Editor’s note:Four foreigners who have traveled by train in Vietnam give their opinions while responding to a request by Tuoi Tre News.
While contributing ideas on making train travel more attractive to tourists, they answered questions on whether meals should be included in ticket fares.
'The landscape just stunned me'
My family and I made a trip to Vietnam in July this year. We started in Ho Chi Minh City because we lived there for some years. After one week we took the plane to Da Nang and stayed in Hoi An for some days. Then we decided to take the train from Da Nang to Hue, because we heard about spectacular ocean views. While on board, I went to the vestibule and looked out the window, and the landscape just stunned me. After visiting Hue we took the train to Dong Hoi.
Our last train journey was from Dong Hoi to Ninh Binh. We took the sleeping train which was comfortable and safe. When we woke up we saw our first glimpse of the limestone karst landscape of northern Vietnam.
|The Hai Van Pass between Da Nang and Hue. Photo: Joep Janssen|
A new experience to me while travelling by train in Vietnam was on-board catering. We didn't know about the on-board catering, so we brought our own food.
In Holland you'll not find trolleys on board, just staff with mobile beverage and snack dispensing backpacks on intercity trains. The reason is that we have a dense and frequent train network, plus short distances, which makes it inefficient to have on-board catering with trolleys, menus and so on. Therefore, in Holland, meals are not included in ticket fares. It's very common to buy meals at train stations.
So the Vietnamese train system is hardly comparable with the Dutch situation but it is more or less comparable to our international long distance high speed train service, for example from Amsterdam to Paris which takes 3.5 hours. They offer different tickets with different levels of services – from standard (excluding food) to premium (including catering and food). There is a trolley and a cafe on board where passengers can buy drinks and snacks.
|Joep Janssen in a photo he provided Tuoi Tre News|
One more thing that train travelling is involved in is tourism. The north-south railway offers an interesting section of Vietnam in terms of landscapes, cultures and even climates which present the hidden beauty of Vietnam – unseen by tourists that fly from one attraction to another.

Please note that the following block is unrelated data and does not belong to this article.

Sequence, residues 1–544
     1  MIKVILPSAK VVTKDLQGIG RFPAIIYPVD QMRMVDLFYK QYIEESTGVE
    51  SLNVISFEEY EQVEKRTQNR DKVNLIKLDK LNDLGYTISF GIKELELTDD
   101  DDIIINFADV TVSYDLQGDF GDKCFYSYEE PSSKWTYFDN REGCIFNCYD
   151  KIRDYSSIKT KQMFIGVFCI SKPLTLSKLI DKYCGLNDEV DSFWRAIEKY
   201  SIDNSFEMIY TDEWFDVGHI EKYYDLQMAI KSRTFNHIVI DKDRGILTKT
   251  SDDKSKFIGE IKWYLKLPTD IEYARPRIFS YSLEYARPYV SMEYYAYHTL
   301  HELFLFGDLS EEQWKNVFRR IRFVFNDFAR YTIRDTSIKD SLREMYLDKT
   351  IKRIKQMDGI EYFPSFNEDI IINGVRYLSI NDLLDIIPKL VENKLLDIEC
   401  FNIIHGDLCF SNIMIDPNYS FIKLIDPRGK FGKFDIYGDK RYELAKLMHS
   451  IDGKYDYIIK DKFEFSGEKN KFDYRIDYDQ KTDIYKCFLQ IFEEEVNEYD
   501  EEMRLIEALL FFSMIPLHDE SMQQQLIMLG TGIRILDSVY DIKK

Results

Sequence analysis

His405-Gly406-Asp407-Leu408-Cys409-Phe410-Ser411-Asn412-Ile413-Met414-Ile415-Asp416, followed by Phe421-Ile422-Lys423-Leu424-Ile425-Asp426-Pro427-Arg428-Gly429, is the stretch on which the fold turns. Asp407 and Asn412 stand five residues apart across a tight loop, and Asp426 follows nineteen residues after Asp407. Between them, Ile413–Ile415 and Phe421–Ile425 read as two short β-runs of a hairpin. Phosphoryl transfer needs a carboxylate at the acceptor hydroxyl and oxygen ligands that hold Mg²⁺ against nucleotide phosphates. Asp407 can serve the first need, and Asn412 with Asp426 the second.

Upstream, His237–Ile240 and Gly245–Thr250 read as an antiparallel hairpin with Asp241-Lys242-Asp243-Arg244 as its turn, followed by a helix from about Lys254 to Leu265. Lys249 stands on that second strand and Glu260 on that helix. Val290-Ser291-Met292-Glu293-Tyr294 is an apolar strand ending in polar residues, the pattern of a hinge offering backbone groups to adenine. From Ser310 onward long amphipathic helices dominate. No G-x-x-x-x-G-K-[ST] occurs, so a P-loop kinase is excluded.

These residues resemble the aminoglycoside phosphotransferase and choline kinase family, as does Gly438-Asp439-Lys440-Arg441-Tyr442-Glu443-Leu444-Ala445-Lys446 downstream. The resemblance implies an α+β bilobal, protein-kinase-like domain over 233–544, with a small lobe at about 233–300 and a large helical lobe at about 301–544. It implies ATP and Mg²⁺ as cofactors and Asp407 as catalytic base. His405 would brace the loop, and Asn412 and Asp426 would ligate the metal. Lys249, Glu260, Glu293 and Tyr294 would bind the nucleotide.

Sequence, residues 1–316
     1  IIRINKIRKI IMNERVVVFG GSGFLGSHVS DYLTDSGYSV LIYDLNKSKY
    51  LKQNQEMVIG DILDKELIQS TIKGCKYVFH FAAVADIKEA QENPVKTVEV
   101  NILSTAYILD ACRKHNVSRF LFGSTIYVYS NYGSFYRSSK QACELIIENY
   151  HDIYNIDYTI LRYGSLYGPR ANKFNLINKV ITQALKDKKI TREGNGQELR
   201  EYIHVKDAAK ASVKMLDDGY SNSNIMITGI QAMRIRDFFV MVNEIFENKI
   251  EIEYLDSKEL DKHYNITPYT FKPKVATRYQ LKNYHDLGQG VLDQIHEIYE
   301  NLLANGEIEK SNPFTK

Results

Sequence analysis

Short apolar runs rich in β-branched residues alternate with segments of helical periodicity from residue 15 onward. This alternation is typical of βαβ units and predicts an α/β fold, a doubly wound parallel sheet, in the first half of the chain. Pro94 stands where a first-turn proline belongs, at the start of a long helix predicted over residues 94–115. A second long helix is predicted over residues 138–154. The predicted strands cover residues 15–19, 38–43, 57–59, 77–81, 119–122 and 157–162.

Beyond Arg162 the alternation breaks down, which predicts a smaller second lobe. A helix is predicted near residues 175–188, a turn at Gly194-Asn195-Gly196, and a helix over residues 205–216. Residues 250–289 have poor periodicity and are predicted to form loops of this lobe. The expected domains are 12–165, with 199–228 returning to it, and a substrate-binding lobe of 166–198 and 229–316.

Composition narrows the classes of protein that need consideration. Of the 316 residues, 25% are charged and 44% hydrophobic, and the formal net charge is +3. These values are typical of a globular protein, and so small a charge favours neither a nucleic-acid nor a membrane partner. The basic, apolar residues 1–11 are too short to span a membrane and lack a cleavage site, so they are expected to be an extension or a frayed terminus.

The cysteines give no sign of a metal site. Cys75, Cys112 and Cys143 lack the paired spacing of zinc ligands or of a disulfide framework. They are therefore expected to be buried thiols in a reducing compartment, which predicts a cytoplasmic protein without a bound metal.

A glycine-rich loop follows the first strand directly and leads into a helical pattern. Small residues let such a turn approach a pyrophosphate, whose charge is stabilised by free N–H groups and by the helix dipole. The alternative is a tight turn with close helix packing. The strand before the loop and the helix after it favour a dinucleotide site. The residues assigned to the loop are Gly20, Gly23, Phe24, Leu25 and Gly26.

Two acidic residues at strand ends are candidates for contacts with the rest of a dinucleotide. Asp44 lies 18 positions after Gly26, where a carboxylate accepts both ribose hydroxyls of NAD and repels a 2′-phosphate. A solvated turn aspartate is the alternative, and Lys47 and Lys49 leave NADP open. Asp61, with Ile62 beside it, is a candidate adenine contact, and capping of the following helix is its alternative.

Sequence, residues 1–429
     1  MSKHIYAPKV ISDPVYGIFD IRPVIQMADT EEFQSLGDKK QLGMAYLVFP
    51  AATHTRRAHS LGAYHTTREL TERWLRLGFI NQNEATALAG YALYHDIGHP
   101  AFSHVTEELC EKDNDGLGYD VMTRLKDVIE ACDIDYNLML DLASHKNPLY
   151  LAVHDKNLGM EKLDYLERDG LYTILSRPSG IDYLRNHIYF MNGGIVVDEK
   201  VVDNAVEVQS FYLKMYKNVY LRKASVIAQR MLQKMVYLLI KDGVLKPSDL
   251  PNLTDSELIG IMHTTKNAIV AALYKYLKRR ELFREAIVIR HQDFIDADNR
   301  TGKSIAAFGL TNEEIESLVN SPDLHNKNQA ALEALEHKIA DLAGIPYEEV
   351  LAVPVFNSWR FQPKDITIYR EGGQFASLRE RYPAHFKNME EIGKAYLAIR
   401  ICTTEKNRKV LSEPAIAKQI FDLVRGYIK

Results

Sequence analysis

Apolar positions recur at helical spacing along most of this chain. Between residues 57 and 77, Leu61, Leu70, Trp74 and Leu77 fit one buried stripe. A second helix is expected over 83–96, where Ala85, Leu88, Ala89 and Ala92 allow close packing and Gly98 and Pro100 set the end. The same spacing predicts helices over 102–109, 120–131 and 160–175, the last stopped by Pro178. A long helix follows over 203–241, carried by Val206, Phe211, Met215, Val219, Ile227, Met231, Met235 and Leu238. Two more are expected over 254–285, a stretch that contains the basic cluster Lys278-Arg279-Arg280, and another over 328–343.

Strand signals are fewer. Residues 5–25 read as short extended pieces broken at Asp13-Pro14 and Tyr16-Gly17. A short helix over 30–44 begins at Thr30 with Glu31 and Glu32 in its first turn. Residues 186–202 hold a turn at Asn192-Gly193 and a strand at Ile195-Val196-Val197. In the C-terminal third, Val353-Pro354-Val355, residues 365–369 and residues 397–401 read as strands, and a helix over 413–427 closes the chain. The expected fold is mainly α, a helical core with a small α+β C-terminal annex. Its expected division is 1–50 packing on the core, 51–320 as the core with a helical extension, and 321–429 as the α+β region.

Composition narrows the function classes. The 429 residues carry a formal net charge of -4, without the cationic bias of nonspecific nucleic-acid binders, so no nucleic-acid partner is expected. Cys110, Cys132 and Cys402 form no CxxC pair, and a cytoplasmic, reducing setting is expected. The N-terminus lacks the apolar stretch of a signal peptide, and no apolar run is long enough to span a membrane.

There is a famous travel quote that can be read as the world is a book and those who do not travel read only one page. So if we consider travelling by train like reading a book, it’s not only about just going from A to B, it’s a beautiful way to "read" the landscape, the people and the culture.
I think it would be great if the railway company can offer passengers information like why they should go by train, or why they should get off the train in Dong Hoi or Ninh Binh, for example. Like reading a book, you need to read every page and chapter to understand the whole picture (of Vietnam) and travelers are the main characters in that book.
Joep Janssen from Holland
'Make booking easier!'
Living in Vietnam for more than 6 years, I have used the trains here a number of times. Most recently was a Nha Trang - Saigon sleeper in September last year. All aspects of the journey were fine - comfortable cabins, good staff, train ran on time, good price, etc.
In the last couple of years the on-board service levels have improved noticeably. The 'greeters' when boarding in Saigon are a nice touch, and the cabins have been upgraded to an acceptable international standard. In my view, there isn't too much to complain about other than perhaps that the food offering in the dining car could be improved.